Half a dozen years ago Americans rediscovered the failure of their public schools. A series of governmental and foundation reports warned that the mediocrity of elementary and secondary school education endangered America’s competitiveness in the global economy.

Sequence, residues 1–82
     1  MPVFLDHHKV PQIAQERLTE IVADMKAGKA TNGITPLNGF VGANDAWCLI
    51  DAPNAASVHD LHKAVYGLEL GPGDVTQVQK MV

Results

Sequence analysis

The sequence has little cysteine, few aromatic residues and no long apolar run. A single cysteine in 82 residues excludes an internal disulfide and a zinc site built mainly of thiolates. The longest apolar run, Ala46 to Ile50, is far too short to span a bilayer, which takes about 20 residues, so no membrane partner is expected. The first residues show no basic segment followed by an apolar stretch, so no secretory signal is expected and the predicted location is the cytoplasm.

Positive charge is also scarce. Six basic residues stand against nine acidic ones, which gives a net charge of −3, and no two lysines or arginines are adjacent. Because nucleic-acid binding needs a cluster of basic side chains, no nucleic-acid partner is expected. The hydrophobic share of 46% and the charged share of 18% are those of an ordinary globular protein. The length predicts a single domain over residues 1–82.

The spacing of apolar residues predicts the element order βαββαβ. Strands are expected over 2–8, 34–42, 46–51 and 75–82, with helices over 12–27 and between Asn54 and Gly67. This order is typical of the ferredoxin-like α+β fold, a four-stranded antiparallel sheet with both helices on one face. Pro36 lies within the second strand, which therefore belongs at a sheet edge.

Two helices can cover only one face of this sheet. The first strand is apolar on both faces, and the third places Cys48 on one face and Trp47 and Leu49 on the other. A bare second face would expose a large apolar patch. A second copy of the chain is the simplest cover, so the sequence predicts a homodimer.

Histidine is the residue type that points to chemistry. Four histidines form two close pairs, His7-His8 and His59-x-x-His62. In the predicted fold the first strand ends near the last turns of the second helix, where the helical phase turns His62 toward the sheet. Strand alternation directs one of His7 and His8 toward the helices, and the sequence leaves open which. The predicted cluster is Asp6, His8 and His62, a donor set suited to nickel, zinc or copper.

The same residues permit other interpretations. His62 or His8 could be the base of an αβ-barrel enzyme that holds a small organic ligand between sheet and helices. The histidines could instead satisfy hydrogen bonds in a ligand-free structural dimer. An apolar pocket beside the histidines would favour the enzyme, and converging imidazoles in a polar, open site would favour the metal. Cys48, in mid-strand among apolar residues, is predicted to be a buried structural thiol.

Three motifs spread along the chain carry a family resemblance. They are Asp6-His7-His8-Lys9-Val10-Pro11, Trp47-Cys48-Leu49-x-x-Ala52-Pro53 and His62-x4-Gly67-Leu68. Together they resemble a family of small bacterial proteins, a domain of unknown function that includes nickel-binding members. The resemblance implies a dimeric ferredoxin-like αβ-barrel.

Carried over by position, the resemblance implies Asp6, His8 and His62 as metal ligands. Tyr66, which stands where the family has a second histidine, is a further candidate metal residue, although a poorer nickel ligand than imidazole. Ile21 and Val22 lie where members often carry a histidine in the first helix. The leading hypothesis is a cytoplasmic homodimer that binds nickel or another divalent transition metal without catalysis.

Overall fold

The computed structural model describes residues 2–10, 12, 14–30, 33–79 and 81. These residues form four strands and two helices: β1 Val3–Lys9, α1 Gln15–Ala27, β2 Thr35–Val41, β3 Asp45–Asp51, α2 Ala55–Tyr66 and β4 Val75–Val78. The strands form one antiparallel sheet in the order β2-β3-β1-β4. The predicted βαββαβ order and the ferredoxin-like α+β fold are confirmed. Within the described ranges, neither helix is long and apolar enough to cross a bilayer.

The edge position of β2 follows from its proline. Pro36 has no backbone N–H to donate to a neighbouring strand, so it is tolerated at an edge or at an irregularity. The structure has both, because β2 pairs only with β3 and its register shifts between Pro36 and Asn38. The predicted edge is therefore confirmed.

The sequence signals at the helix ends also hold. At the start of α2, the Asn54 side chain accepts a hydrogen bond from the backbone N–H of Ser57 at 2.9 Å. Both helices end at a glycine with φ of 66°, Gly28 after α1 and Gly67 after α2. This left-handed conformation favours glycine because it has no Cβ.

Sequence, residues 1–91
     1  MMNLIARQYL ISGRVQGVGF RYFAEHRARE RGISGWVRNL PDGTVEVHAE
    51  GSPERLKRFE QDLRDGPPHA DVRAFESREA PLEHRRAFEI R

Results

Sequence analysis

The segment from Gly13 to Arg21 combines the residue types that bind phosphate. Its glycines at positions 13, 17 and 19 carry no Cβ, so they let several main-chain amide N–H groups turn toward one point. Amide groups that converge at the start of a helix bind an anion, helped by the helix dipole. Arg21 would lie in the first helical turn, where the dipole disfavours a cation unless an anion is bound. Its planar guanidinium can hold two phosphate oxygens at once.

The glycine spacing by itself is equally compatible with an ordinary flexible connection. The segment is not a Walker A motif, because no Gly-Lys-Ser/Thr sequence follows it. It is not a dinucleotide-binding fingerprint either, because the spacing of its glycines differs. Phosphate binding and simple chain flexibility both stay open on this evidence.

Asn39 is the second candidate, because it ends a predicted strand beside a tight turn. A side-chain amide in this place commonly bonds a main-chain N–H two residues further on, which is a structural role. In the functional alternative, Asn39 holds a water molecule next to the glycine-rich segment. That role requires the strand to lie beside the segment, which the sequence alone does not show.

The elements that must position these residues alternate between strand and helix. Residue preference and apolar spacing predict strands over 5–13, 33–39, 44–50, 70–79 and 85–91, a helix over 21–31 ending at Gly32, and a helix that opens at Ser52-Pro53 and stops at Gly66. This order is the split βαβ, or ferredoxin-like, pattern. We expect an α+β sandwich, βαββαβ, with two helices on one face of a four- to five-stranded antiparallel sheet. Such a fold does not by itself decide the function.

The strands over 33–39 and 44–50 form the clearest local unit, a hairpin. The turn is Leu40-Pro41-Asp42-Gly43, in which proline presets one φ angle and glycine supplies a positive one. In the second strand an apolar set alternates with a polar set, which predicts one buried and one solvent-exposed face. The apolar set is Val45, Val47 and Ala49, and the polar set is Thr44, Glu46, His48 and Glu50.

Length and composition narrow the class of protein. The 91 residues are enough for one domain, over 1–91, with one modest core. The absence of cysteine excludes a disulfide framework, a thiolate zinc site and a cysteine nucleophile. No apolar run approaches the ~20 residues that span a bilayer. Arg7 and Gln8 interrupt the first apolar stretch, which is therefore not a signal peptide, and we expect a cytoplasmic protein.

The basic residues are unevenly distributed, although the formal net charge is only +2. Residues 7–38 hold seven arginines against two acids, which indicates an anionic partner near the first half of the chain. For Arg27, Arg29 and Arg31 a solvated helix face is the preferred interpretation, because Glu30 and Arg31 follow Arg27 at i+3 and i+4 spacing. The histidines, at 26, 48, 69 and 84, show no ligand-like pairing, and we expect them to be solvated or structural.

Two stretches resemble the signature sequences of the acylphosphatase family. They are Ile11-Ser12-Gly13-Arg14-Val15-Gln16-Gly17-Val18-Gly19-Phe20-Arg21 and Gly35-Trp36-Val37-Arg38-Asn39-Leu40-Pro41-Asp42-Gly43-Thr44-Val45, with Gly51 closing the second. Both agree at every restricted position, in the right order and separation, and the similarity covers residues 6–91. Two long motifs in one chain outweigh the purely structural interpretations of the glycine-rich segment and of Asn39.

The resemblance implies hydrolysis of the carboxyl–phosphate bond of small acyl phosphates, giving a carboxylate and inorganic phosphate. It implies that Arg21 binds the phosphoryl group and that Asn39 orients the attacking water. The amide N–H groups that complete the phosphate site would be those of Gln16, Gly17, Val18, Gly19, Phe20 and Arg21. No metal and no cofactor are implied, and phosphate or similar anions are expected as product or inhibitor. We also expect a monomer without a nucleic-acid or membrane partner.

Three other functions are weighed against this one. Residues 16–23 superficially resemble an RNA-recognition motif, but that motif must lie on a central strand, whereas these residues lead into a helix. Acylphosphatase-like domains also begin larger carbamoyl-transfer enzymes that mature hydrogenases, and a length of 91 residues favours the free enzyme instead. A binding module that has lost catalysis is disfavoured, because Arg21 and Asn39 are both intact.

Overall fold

There was little debate either about the diagnosis of America’s educational ills or about remedies: Low standards, watered-down curricula, and incompetent or hopeless teachers were blamed for our ills. Higher standards, central control of curricula, intensified accountability, longer school years, and more homework were accepted as solutions....
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